Over four years, students in the LSA Honors Program (within the College of Literature, Science, and the Arts) take courses in almost every department. They can live together, too—Honors Housing functions as another Learning Community for honors student who opt in. You can also choose to live in one of the other living learning communities!) During their final two years in school, honors students work on a capstone project by writing a thesis under the mentorship of an adviser. The school says, “Current students and alumni, alike, share that this project is a defining moment, preparing them for graduate schools and careers.” Facilities like the Perlman Honors Commons, make for a great place to relax between classes, and a program called “Lunch with Honors” gives student direct contact to the fascinating thinkers that visit campus. Michigan’s College of Engineering has an honors program too, so you don’t have to choose between an honors program in the liberal arts and sciences, and engineering.
Ranging from traditional intensive language study to global health and development projects, more than 3,600 Wolverines are abroad each year. The Center for Global and Intercultural Study (CGIS) is geared toward undergraduates who want to study abroad for a summer or even a year. Through the Global Intercultural Experiences for Undergraduates, CGIS offers learning opportunities that allow a team of students and faculty to travel to field sites as close as Detroit and as far away as Oaxaca, Mexico; Lushoto, Tanzania; and Cusco, Peru. Students learn how to lead in a group, work very closely with a faculty member, and see first-hand some of the “national, political, social, and economic issues” they’ve been studying. International Programs in Engineering offers programs tailored to the needs of their students, with some 500 engineering students engaged each year, and Ross Global Initiatives supports more than 800 business students engaging in action-based projects all over the globe.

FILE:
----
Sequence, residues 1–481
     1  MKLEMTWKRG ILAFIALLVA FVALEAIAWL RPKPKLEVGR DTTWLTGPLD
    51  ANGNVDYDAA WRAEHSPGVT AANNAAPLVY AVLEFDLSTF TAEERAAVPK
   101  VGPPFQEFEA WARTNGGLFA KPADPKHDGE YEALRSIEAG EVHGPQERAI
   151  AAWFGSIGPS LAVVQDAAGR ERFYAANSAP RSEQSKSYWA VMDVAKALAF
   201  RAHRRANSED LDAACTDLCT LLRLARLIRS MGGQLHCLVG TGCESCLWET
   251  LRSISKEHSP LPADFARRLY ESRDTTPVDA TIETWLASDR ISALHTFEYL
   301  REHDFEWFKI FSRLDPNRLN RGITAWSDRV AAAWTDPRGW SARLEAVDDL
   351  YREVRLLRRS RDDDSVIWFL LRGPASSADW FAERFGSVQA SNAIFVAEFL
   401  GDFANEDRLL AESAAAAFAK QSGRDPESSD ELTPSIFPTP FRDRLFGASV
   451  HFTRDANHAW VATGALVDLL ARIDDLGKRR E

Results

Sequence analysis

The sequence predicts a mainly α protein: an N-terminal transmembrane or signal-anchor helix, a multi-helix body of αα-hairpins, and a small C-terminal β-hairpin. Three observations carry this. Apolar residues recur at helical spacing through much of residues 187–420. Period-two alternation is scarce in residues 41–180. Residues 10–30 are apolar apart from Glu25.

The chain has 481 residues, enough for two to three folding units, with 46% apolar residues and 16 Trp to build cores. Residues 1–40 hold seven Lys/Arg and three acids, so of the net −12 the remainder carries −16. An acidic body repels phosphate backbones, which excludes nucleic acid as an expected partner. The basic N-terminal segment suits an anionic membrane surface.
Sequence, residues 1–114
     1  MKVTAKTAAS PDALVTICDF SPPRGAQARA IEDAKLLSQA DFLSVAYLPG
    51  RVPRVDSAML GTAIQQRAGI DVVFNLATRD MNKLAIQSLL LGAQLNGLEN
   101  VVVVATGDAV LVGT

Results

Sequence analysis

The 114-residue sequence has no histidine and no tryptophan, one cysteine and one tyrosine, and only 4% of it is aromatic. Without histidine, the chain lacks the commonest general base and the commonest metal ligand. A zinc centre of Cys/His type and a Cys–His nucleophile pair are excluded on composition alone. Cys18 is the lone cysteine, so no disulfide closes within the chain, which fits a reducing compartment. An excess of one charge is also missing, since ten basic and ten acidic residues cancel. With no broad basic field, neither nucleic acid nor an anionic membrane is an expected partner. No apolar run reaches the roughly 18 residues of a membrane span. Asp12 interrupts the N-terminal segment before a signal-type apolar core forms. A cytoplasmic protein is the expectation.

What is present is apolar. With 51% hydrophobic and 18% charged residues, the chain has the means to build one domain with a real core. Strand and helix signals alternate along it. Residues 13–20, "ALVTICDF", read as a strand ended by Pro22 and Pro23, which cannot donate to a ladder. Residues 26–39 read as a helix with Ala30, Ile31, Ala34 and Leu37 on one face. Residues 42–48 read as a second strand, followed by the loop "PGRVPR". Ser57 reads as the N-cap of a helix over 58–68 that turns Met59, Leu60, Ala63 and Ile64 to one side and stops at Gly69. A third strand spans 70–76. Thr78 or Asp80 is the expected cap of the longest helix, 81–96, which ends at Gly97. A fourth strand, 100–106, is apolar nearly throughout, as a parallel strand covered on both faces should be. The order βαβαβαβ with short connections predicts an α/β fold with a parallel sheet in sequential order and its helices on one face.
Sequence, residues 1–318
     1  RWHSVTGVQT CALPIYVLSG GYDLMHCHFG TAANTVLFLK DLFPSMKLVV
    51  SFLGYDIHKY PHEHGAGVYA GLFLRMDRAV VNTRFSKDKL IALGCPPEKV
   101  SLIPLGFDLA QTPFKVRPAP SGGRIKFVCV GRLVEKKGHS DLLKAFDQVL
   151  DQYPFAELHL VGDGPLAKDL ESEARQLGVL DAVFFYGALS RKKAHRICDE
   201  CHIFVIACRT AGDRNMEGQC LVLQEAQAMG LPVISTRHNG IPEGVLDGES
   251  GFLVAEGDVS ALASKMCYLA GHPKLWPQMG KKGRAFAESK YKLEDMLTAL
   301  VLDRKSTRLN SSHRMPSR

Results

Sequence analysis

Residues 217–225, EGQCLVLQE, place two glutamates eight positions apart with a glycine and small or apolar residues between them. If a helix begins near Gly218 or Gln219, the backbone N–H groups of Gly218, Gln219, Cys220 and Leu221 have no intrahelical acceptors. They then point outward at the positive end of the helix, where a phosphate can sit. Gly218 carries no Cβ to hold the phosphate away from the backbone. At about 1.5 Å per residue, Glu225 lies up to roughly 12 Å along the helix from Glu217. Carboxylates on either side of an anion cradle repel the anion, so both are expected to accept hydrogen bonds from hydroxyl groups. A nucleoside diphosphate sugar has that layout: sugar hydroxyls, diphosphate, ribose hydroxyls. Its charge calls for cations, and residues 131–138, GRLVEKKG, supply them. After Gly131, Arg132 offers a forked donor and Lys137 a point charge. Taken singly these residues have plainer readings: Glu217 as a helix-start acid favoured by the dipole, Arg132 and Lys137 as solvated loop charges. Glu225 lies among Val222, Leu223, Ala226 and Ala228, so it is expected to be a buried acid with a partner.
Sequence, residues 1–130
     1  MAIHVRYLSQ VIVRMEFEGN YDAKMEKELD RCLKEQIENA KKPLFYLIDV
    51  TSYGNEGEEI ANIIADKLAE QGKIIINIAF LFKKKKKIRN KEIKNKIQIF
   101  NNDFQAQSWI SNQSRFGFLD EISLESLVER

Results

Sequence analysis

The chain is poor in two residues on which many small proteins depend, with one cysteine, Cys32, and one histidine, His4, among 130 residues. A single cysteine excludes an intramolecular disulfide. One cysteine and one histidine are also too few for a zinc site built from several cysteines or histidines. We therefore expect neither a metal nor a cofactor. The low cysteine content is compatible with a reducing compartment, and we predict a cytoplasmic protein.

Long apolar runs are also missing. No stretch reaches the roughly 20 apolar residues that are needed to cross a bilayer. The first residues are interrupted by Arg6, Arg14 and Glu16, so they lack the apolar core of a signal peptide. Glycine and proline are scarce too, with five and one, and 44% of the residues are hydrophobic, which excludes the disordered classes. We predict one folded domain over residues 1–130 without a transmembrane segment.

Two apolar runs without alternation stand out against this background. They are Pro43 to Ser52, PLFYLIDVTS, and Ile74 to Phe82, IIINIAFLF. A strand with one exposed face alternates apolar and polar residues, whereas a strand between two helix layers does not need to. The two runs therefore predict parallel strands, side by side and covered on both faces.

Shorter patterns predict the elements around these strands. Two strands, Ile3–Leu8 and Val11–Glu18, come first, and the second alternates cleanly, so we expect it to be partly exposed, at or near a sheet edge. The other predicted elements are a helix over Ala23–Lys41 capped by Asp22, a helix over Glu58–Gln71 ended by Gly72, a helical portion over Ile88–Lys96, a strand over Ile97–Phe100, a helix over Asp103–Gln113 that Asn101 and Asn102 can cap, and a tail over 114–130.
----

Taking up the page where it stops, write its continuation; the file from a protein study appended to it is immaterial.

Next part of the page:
First- and second-year students across schools at Michigan can utilize UROP to link with faculty research scientists. (According to the school, the program includes more than 1,300 students and 900 faculty researchers.) Every student working with a researcher is also assigned a peer adviser and attends regular seminar meetings to get the most out of the experience. Students learn how research is conducted in any academic discipline of interest to them; how to work through a problem; and they gain insight into potential career paths. In fact, the university says that studies of this unique research program show that more students who participate in UROP go on to earn law, medical, or doctor of philosophy degrees than their peers who do not.